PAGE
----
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Energy prices are a burning issue in Ontario. Innovative Research Group Inc. (INNOVATIVE) asked a series of energy-related questions for the Ontario Energy Association on our monthly mixed land line and cell live caller telephone survey of 600 respondents. The survey was conducted immediately following the Ontario Throne Speech and has a margin of error is +/- 4.0 %, 19 times out of 20. Energy prices were cited by 19% of Ontario voters as their top concern, making them the second most cited issue. By way of comparison, the economy was the top choice among 26% of voters, and healthcare was the top choice among 16% of voters.
This important place in the consciousness of voters remains even when prompted with other important topics, with electricity prices being ranked as more important than education, climate change and roads and transit.
In over 14 years of tracking, we have never seen Ontarians so angry over the price of energy, with 70% disagreeing that “customers are well-protected with respect to prices and the reliability and quality of electricity service in Ontario”. When we dig down further, 42% of voters believe the government’s plan for energy is a bad one, while an additional 30% believe the government doesn’t really have a plan – sharp increases from just two years ago.
ON THE ISSUES
Paying for improvements: When probed on their priorities for the electricity system, Ontarians want to see more efforts made to improve the electricity system across a number of areas including maintenance, security, environmental impact and new generation. However, despite this perception of the need for improvements, they are not willing to pay more. Even relatively modest increases in energy prices of 2.5% a year for the next 10 years find 73% opposition. Opposition grows as the price increases.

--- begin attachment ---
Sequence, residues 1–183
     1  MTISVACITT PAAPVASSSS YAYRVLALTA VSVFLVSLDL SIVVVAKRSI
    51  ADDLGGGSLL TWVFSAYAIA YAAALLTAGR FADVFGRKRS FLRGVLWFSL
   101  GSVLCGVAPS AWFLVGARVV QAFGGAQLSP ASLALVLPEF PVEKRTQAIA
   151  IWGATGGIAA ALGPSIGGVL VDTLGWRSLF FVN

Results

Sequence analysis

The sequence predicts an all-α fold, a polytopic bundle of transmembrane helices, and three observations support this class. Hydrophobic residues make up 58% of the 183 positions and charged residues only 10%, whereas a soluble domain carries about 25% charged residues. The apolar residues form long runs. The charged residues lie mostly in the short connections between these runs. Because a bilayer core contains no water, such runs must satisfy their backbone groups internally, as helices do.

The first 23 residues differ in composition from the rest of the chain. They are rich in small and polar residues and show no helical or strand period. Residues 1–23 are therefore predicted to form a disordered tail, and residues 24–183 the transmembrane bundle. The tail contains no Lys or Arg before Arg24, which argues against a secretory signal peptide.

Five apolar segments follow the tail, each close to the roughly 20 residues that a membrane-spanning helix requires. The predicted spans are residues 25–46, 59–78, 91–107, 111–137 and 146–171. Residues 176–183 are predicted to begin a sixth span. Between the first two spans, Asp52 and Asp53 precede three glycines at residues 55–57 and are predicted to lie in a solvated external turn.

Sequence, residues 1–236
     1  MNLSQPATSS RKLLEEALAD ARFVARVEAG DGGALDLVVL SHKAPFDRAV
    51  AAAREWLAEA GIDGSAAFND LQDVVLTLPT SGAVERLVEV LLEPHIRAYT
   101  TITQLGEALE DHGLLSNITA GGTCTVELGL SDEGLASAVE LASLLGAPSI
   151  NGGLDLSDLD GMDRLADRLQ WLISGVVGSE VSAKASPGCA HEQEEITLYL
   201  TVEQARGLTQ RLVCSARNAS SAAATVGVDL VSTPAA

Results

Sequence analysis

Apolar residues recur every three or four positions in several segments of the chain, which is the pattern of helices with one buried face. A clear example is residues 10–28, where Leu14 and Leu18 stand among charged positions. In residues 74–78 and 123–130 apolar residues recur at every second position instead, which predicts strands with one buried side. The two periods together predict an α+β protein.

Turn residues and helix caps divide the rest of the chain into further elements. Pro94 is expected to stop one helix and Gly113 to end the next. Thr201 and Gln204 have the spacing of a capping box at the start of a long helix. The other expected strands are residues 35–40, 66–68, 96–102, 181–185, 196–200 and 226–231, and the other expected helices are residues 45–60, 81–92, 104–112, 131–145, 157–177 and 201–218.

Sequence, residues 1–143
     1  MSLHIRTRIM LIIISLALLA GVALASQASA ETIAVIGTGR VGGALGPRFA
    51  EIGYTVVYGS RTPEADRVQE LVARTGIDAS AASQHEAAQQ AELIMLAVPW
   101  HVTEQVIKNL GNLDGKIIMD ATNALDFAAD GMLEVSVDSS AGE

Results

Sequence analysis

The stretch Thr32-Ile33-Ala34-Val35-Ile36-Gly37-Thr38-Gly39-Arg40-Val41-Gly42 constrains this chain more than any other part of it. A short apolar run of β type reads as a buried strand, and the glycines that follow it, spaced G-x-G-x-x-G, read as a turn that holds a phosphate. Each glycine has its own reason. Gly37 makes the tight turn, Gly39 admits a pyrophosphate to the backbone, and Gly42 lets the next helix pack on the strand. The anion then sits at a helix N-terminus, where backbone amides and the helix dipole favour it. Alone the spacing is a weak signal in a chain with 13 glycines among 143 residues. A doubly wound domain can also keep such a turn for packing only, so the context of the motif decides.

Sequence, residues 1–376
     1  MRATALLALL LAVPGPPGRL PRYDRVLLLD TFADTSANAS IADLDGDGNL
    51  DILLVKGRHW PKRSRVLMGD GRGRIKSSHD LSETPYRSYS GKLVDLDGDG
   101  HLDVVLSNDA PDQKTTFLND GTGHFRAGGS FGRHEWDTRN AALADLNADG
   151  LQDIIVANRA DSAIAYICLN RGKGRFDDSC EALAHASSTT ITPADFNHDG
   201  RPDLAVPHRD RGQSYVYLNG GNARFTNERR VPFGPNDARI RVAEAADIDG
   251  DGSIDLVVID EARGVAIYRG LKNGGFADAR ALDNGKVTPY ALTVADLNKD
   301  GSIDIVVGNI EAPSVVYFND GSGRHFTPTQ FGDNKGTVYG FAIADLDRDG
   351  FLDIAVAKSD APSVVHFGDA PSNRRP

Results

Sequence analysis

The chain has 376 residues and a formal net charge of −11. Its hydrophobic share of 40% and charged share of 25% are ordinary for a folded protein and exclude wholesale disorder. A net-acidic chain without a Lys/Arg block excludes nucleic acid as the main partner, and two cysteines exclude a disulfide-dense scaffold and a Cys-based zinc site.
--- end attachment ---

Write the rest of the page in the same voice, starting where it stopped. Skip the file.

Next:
Ontarians are not being hypocritical; they have a clear reason for resisting price increases. A majority of voters (56%) believe there are enough savings available to pay for all the improvements we want without raising rates. This is up from 39% in 2014.
Cyber security: Energy sector experts acknowledge that cyber security threats are an ongoing and major concern, with thousands of attacks taking place every year. Despite this, only one-in-four Ontarians (26%) believe these attacks are already taking place, while the majority oppose an additional cost.
Cap-and-Trade: When asked about the Ontario Government’s proposed Cap-and-Trade plan, the majority of people (57%) are unsure whether to support it or not, with 22% saying it’s a good thing, and 22% a bad thing. However, when presented with potential increases of 5%, 10% or 15% a year, a substantial majority oppose paying a price for carbon with opposition growing as prices increases.
On top of the price concern, we find 63% of respondents believe that the province should leave action on climate change to the federal government, rather than have Ontario play a leadership role with higher prices (37%). This number is especially high among Liberals who believe it is time for a change and among voters who oppose the Liberals.
The Politics of Energy: Despite the top of mind concern about prices, not all Ontarians see prices as the top priority for energy policy. While 40% say keeping prices down should be the top government priority, 21% say it should be using energy to create jobs, 19% say it should be reducing impacts on the environment and 17% say ensuring a reliable system for the future.
When we ask which party is best to deal with each of those items, we see the Liberals lead among those who car about reliability, protecting the environment and using energy to create jobs while the PCs are seen as best among those whose top concern is reducing prices.
Throne Speech initiatives: In early September, the government announced a series of new initiatives for electricity including programs to cut costs for consumers and incentivising industry to shift usage, all of which enjoy substantial support from the public. Overall, all three of these policies enjoy considerable support, especially among Core Liberals (89%) and the electorally important Time-for-Change Liberals (59%).
Most importantly, while those measures leave non-Liberals unimpressed, both core and swing Liberal voters are more likely to vote for the Liberals as a result of these measures.
To view the additional results, including additional perceptions around cyber threats, segmentation of support for cap-and-trade, and relative priorities for the electricity system, please fill out the form below to access to the full presentation.